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High energy costs put northeastern U.S. economy at risk

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The winter of 2017-2018 has been one of the coldest in recent memory, especially in the Northeast. Not surprisingly, homeowners and businesses are literally screaming about heating and electric bills that have gone through the roof. Making matters worse, New England and New York are using imported liquefied natural gas (LNG), which is much more expensive than domestic gas, to satisfy nearly 20 percent of their heating and electric power needs. Some of this imported gas has come from Russia, despite current international sanctions.

The great irony is that America has been the world’s largest producer of natural gas since 2009 and is slated to become a net exporter this year.  We’re currently exporting 3.5 billion cubic of LNG per day, mainly from terminals in Louisiana, and this volume is projected to double by the end of 2018. So why does the Northeast import LNG to meet its energy needs when the country’s largest gas play, in the Marcellus shale formation, lies just next door in Pennsylvania and West Virginia?

{mosads}There are two villains in this drama. The first is the Jones Act, a little known piece of legislation that Congress passed in 1920 as part of the Merchant Marine Act. This law requires that any ship carrying goods or commodities in U.S. waters between U.S. ports must be built, registered, owned and crewed by American citizens or permanent residents. Originally intended to improve the nation’s maritime security, today the Jones Act is simply a form of protectionism for America’s shipping industry and seafaring unions.  


Barring foreign-flagged vessels with lower operating expenses from domestic commerce means it can be cheaper to ship a cargo of LNG from the Gulf Coast to China than to Boston. So, European LNG exporters typically cover supply shortfalls in the Northeast.

The second villain responsible for the Northeast boasting the highest natural gas prices in the continental U.S. is the coterie of politicians and environmentalists who fight new gas pipelines because of their opposition to fossil fuels. Though the controversies involving the Keystone and Dakota Access pipelines have gained the most media attention, battles are being waged over dozens of other proposed projects, especially in the Northeast.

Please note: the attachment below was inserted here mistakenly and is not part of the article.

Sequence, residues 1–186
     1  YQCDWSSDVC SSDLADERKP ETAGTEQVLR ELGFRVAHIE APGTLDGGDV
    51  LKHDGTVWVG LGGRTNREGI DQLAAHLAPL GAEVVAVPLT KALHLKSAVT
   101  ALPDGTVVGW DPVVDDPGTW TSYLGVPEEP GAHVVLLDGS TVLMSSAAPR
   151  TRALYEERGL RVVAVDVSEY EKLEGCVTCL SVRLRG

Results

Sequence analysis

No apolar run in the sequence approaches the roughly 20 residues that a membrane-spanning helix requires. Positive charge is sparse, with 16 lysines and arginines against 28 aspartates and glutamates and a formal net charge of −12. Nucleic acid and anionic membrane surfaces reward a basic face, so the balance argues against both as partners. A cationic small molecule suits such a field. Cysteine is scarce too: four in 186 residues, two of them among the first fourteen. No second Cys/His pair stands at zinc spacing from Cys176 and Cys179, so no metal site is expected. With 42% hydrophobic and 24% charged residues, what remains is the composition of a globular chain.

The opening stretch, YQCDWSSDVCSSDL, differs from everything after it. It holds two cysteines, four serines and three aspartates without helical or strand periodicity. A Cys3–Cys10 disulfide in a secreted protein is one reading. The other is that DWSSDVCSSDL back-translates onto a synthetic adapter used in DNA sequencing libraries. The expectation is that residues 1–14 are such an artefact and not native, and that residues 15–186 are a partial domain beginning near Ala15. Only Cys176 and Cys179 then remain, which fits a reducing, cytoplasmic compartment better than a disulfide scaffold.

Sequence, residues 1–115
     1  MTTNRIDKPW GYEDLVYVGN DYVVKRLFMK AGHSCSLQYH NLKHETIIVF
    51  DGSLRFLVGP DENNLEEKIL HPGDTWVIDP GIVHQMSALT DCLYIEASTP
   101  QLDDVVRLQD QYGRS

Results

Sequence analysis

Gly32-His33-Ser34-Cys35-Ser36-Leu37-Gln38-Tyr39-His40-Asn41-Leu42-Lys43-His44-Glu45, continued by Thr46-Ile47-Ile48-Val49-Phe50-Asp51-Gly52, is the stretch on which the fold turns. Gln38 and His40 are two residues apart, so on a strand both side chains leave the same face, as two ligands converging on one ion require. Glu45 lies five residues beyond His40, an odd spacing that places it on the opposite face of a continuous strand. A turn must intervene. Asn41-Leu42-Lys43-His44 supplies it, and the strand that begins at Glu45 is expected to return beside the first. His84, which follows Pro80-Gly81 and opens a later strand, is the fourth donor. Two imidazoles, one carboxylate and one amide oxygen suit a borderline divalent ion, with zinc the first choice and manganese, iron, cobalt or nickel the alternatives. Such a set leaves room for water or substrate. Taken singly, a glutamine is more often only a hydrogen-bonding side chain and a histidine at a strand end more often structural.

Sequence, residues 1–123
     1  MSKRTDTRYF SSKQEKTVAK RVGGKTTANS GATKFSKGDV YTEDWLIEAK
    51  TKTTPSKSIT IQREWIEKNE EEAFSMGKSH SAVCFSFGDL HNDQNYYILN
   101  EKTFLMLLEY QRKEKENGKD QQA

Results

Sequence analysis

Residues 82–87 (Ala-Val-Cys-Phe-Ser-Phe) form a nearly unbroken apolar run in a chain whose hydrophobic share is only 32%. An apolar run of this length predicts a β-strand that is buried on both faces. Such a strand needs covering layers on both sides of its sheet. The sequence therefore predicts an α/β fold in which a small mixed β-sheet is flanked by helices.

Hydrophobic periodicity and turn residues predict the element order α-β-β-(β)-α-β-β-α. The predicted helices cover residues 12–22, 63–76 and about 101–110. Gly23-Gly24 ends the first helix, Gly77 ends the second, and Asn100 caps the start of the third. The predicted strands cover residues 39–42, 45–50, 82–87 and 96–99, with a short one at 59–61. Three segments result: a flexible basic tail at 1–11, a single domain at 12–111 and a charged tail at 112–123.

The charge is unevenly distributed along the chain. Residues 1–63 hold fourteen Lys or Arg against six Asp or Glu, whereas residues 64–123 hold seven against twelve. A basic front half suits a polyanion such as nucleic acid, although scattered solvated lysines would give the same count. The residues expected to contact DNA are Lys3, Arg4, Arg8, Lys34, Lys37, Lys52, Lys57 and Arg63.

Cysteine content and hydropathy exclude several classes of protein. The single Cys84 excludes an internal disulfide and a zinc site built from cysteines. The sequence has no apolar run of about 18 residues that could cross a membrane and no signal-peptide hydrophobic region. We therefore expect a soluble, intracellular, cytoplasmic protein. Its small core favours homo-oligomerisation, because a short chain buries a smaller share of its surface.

For example, last year New York Gov. Andrew Cuomo vetoed the proposed Williams Constitution Pipeline that would have transported huge volumes of inexpensive natural gas from the Marcellus shale to consumers in New York and New England. (We Texans actually are buying gas from the Marcellus because it’s often cheaper than Texas gas.) In response to pushback from environmentalists and community activists, the energy giant Kinder Morgan has pulled the plug on a proposed natural gas pipeline through parts of Massachusetts and Southern New Hampshire in 2016, though the company is now soliciting contracts for new natural gas pipeline capacity in New York and New England. And Eversource and National Grid, the two biggest utilities in Massachusetts, are shelving a $3.2 billion natural gas pipeline project known as Access Northeast because of a lack of political support.

Clearly, a dose of reality is in order. As the Northeast closes more of its coal and nuclear power plants, the region will need growing volumes of natural gas for electricity generation as well as home and industrial heating. But relying on expensive, imported LNG will further escalate household and business energy costs.

To avoid this outcome, the region’s business and political leaders must start making the case for building the requisite infrastructure to deliver clean, inexpensive and reliable domestic natural gas that’s available within shouting distance. They should put pressure on Congress and the White House to get rid of the Jones Act, since the Northeast has the most to gain from its repeal.

Otherwise, New York and New England run the risk of losing even more people and industry to sections of the country where the cost of living and the cost of doing business are lower, thanks in large part to cheaper energy.

Bernard L. Weinstein is associate director of the Maguire Energy Institute and an adjunct professor of business economics in the Cox School of Business at Southern Methodist University in Dallas.

Tags Energy Liquefied natural gas Natural gas Natural gas in the United States Shale gas

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